Lyn Pearman hit the road after her landlord evicted her following a rent increase from £433 to £700 per month. Image: Supplied
A great-grandmother who was evicted from her home and made homeless after her landlord put up her rent by almost £300 a month has become a TikTok star after she started living in a van.
Pensioner Lyn Pearman, 66, received a Section 21 eviction notice at the end of 2022 after her landlord told her the rent she paid on her flat in Ramsgate, Kent, would rise from £433 to £700 per month.
The retired personal trainer was given two months’ notice to leave the property and decided to press on with “plan B”: swapping her flat for life in a converted van. Pearman, a mother of two with six grandchildren and one great-granddaughter, has now spent the last month living in the van and has been telling her story to 38,000 followers on TikTok where she has racked up more than a million views.
“I’ve become homeless, I live in a van then suddenly I’ve got 38,000 people that want to interact with me. My grandchildren are asking me for tips on TikTok now,” Pearman told The Big Issue.
“At the moment I’m trying to adapt to living in a small space. As someone said on my TikTok: I actually live in luxury. That’s weird, I suppose I could live in a shop doorway. But it’s far from luxury. It’s certainly been a journey but I’m better off really.”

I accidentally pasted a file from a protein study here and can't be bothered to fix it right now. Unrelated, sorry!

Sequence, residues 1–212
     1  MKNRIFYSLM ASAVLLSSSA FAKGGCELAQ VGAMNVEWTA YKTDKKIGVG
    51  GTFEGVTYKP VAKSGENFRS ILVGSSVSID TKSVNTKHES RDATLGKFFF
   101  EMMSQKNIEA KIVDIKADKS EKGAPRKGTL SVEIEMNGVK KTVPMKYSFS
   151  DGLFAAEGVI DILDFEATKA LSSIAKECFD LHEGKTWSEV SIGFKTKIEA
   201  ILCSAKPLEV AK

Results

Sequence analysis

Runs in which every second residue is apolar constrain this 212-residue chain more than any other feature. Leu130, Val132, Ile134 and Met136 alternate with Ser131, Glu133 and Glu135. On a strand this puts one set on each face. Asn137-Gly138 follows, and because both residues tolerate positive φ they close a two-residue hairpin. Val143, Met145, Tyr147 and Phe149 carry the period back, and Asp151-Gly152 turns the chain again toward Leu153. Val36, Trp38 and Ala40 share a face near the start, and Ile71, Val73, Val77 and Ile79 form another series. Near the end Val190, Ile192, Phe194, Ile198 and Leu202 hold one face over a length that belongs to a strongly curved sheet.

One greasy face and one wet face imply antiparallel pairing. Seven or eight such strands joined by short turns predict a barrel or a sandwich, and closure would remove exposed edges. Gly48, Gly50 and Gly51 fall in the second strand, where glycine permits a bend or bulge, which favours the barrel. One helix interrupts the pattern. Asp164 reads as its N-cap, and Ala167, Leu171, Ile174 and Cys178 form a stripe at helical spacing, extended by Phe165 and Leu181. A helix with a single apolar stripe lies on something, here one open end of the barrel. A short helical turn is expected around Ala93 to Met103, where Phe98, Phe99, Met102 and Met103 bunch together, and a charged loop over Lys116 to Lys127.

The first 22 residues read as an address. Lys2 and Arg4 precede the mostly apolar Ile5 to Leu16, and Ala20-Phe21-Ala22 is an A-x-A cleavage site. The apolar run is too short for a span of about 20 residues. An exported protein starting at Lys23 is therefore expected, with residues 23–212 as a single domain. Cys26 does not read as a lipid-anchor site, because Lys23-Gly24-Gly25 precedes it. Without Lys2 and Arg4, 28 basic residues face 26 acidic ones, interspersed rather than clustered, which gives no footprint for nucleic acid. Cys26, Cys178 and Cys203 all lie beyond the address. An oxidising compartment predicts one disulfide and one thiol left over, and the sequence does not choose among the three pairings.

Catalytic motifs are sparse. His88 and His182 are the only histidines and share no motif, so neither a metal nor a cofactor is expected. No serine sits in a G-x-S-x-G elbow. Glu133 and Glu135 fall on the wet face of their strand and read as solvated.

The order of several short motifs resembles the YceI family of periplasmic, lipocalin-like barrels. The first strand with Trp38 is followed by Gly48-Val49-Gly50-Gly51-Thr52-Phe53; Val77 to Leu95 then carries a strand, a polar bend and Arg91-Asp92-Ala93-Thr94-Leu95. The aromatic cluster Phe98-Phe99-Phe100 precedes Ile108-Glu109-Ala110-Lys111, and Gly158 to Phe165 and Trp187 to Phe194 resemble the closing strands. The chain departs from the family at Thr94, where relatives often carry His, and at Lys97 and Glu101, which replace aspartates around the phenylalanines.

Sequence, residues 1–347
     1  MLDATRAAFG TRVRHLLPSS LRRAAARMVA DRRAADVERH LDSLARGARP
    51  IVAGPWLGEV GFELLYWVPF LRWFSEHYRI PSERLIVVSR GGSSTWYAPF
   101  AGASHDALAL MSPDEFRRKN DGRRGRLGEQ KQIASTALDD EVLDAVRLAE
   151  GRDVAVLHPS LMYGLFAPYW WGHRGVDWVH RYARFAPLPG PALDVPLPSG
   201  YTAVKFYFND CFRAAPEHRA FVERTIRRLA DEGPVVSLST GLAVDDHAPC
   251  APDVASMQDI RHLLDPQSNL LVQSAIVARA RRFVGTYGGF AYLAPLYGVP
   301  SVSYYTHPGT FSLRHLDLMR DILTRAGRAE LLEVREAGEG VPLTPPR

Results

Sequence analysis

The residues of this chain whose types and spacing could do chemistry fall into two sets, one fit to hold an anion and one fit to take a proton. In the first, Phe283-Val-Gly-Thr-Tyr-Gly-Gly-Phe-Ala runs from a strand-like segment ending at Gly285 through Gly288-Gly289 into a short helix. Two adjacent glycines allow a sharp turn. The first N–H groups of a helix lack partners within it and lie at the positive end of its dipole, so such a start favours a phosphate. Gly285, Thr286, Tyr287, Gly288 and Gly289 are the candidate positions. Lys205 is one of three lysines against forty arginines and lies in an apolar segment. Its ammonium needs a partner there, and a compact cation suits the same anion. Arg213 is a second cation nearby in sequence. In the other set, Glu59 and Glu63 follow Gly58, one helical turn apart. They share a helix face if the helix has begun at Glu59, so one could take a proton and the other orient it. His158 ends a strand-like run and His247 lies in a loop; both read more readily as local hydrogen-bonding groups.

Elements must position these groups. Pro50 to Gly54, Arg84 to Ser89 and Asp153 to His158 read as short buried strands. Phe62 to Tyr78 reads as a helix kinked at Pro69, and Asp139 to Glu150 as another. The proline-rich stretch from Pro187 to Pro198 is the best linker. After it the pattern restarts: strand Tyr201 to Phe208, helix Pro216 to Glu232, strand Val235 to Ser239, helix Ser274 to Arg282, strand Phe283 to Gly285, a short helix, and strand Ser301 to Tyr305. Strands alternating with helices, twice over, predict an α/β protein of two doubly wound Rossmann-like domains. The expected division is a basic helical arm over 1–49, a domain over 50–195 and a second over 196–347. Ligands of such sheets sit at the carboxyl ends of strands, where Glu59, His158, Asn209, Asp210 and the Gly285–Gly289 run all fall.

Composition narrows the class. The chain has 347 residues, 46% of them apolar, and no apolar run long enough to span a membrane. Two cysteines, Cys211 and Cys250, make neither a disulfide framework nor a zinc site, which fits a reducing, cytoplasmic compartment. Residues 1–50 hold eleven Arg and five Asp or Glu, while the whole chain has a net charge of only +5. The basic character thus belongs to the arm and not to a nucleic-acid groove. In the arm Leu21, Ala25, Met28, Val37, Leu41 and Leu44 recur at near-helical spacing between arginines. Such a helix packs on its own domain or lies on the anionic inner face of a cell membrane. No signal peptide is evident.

Pearman started renting the flat in April 2021 and feared being evicted last February when the owners sold the property. But the new landlords gave her and her neighbour six-month contracts to remain in the property paying the same rent of £433 per month.
When it came to the end of the contract, Pearman was told her rent would be increased by 60 per cent to £700 a month and she had a month to decide whether she wanted to stay. She told The Big Issue she would only be able to get housing benefit to contribute £473 per month and would have to get discretionary housing payments to cover the rest.